A company that makes most of its money from advertising may be working on a feature to block ads.
That's right — Google is apparently planning to add a built-in ad-blocker to its Chrome web browser.
Anonymous sources told The Wall Street Journal the blocker will target online advertisements "deemed to provide bad experiences for users."
Among other annoying types of ads, the feature will target pop-ups, autoplaying videos and audio, and those darn "prestitial" ads with countdown timers.
The Journal says the blocker will be available on Chrome's desktop and mobile versions. And Google could make it a default setting for all users.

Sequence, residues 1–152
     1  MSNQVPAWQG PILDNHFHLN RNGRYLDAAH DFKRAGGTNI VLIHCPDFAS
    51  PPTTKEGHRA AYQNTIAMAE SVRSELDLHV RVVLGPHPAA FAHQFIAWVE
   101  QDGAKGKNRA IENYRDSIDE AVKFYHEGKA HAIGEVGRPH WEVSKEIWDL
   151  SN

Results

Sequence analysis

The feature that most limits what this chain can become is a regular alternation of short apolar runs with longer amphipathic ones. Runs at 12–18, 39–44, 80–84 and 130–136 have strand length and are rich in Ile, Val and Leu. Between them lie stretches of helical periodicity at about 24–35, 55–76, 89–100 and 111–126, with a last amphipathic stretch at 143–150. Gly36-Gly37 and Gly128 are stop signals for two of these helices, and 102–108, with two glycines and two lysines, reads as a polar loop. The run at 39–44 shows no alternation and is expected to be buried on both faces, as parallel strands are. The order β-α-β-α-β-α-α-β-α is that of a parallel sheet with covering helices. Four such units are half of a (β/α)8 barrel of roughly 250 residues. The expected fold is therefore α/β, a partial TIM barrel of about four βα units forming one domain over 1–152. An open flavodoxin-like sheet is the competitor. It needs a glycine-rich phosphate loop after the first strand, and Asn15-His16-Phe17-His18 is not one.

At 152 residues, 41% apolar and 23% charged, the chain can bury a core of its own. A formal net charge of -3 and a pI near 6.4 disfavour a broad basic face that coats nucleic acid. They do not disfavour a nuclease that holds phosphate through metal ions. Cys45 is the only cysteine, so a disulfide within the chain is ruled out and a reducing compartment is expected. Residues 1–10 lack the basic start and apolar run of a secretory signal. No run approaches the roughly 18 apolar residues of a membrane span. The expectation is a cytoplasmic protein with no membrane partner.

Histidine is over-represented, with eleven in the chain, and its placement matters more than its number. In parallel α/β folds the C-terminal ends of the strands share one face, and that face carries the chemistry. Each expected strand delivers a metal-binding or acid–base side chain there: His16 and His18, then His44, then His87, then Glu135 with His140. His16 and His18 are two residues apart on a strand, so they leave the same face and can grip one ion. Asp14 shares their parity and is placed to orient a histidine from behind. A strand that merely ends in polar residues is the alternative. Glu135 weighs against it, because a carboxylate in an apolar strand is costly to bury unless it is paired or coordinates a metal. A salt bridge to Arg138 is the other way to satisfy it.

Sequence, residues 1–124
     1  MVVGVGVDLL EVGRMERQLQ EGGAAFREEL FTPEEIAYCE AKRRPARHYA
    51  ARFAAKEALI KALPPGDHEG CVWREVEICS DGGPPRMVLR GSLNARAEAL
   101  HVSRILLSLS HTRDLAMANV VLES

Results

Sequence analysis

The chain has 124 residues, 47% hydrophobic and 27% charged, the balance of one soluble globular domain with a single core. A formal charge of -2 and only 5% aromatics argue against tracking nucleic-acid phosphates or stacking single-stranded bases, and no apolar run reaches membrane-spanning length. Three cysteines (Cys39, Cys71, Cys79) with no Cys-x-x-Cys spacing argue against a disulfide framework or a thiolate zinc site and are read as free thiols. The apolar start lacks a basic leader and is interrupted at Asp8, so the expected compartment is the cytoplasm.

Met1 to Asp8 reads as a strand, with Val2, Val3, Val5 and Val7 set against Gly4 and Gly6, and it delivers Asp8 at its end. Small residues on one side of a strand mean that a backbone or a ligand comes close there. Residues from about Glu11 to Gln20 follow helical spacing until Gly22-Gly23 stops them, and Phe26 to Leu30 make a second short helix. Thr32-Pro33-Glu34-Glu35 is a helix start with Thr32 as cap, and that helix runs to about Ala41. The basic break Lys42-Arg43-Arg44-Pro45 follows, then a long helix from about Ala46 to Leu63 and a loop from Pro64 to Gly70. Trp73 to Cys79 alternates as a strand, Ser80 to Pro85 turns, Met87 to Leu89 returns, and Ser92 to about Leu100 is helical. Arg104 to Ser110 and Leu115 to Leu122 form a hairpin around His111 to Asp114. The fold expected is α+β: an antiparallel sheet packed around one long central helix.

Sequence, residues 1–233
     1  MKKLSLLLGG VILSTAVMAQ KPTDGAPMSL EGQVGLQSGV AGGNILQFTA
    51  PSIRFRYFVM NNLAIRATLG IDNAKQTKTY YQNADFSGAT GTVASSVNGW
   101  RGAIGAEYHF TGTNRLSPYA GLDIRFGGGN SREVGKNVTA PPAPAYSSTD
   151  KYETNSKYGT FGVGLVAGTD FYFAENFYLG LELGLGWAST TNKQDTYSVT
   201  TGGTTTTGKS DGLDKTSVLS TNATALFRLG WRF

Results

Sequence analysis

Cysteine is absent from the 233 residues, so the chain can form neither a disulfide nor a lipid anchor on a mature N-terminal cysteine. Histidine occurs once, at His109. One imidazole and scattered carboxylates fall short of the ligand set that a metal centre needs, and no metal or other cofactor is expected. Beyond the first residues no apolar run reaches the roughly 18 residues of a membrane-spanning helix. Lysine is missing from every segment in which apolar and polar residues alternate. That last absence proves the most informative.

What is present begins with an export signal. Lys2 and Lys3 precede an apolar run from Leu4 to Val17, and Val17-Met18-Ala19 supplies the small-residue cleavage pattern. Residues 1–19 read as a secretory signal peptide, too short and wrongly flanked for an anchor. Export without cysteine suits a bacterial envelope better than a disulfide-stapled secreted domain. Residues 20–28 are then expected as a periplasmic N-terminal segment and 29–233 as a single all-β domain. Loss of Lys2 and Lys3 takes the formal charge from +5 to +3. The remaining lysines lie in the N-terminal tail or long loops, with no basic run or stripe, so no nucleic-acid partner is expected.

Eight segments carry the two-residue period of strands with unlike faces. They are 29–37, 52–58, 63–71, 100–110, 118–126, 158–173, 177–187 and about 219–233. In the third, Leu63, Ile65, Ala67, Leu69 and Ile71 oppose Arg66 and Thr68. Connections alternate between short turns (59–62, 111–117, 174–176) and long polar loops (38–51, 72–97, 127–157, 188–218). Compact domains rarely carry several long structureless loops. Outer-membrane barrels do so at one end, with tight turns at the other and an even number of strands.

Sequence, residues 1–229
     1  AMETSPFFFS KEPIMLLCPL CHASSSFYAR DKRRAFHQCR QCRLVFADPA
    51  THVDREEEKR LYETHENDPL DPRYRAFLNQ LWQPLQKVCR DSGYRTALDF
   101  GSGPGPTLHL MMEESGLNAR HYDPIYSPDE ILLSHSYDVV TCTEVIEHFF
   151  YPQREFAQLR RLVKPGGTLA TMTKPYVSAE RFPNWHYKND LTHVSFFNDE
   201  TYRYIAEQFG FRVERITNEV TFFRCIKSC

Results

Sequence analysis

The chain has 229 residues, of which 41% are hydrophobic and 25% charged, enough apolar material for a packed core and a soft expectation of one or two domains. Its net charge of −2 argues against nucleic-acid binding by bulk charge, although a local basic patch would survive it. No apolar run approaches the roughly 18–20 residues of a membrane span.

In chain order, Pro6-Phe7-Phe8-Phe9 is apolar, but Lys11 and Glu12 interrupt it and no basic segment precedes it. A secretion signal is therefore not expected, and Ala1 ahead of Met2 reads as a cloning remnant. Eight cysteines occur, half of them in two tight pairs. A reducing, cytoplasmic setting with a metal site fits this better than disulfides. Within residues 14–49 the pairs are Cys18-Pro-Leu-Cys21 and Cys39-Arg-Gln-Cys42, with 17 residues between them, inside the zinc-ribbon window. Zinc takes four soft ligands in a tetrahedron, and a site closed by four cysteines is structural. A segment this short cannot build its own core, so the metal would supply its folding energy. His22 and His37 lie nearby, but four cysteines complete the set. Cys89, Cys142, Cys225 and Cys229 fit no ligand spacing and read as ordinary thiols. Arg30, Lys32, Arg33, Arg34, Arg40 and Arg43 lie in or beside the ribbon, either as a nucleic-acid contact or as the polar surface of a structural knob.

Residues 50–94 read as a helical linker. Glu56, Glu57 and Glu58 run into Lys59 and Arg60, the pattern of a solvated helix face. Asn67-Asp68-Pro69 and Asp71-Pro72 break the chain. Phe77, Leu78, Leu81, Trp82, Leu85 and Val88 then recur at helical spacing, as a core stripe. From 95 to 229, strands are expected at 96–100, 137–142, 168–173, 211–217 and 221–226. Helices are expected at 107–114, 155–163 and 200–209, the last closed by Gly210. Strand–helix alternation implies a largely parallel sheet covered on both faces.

The move might seem counterintuitive for a company whose revenue stream relies heavily on advertising. But you know what they say: If you can't beat 'em, join 'em.
As TechCrunch points out, putting a default ad blocker in Chrome would stop third-party options in their tracks.
Because, if those disruptive ads are already being blocked for you while you surf the web, why would you seek out a different ad blocker?
The feature isn't a certainty yet. The Wall Street Journal says Google could still backpedal on the blocker, and the company has yet to comment on the plans.